China regulator seeks to avoid US delistings of Chinese firms

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Chinese authorities are working with U.S. counterparts to prevent Chinese companies being delisted from U.S. stock exchanges, a Chinese regulatory official said on Thursday, as a lengthy dispute about auditing standards rumbles on.

U.S. authorities are moving towards kicking foreign companies off American stock exchanges if their audits fail to meet U.S. standards.

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The Public Company Accounting Oversight Board (PCAOB) and U.S. policy makers have long complained of a lack of access to audit working papers for U.S.-listed Chinese companies. Citing national security concerns, Chinese authorities have been reluctant to allow overseas regulators to inspect working papers from local accounting firms.

"We don’t think that delisting of Chinese firms from the US market is a good thing either for the companies, for global investors or Chinese-US relations," Shen Bing, director general of the China Securities Regulatory Commission's department of international affairs, told a conference in Hong Kong.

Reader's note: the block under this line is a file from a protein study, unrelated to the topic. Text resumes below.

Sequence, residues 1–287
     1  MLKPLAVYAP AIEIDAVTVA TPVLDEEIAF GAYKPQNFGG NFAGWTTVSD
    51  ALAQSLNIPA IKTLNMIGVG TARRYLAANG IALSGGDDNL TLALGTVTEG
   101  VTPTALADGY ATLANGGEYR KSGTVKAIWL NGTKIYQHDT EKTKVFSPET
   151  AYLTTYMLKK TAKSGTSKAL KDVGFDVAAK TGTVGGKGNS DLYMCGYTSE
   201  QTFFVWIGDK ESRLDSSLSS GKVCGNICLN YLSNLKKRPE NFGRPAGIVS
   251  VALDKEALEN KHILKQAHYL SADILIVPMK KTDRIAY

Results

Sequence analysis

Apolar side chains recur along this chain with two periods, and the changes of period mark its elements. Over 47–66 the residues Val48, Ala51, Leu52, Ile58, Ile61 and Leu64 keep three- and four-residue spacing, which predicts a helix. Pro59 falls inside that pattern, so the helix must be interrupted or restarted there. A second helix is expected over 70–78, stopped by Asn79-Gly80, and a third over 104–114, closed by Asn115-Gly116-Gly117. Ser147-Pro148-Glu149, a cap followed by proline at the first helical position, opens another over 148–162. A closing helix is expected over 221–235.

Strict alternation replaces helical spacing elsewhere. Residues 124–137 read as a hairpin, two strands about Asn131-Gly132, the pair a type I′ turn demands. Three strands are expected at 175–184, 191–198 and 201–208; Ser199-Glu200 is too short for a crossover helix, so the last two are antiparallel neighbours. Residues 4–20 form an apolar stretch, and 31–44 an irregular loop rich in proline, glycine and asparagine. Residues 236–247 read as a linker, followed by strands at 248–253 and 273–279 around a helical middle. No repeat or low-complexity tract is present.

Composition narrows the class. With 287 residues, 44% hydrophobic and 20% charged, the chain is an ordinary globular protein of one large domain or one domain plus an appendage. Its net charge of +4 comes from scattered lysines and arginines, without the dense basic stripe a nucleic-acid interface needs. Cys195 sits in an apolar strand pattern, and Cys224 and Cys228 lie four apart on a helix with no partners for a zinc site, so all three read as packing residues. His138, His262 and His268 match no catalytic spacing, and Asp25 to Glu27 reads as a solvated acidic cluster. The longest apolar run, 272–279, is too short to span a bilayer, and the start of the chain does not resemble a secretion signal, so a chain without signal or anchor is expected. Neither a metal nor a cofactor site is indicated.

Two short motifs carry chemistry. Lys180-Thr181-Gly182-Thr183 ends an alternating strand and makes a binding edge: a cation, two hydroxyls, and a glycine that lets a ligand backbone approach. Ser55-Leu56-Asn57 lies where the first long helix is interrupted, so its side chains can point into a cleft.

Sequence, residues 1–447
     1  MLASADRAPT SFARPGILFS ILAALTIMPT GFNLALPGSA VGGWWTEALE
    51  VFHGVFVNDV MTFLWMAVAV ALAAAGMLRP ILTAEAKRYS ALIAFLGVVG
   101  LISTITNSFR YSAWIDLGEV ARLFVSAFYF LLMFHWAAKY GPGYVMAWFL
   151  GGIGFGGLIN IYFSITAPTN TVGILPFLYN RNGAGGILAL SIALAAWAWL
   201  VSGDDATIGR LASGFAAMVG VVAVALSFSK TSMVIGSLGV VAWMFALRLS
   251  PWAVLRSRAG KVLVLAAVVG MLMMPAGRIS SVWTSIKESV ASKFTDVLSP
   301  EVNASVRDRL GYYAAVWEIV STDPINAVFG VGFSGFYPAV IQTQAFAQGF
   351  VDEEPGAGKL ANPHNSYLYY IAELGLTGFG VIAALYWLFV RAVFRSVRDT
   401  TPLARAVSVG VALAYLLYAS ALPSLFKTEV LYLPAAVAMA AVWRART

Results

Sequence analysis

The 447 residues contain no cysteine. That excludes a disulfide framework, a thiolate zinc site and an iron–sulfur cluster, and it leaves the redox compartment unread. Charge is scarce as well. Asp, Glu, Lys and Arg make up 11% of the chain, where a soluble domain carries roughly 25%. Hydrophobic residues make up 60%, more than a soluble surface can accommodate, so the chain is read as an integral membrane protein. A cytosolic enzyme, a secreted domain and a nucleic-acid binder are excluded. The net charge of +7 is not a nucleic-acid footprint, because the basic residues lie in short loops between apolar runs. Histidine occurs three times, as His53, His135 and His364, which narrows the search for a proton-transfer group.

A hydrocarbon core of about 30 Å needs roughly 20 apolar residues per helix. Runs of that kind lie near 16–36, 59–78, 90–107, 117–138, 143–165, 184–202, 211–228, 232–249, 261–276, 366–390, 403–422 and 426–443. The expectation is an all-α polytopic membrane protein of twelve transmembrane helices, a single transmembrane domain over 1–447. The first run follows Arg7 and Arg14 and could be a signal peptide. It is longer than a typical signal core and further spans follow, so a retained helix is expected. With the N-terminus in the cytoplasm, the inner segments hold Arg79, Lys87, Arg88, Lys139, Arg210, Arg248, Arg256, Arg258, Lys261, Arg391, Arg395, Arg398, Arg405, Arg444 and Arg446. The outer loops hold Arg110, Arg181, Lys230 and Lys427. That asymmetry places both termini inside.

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"We are working very hard to resolve the auditing issue with U.S. counterparts, the communication is currently smooth and open. There is a risk of delisting of these companies but we are working very hard to prevent it from happening," he added.

In December 2020, during the final weeks of his administration, President Donald Trump signed a law aimed at removing foreign companies from U.S. exchanges if they failed to comply with American auditing standards for three years in a row.

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The legislation was implemented by the PCAOB in September. A map on the organization's website showed China as the only jurisdiction that denied the PCAOB "necessary access to conduct oversight."

 (Reporting by Scott Murcoch; Writing by Alun John; Editing by Muralikumar Anantharaman & Simon Cameron-Moore)

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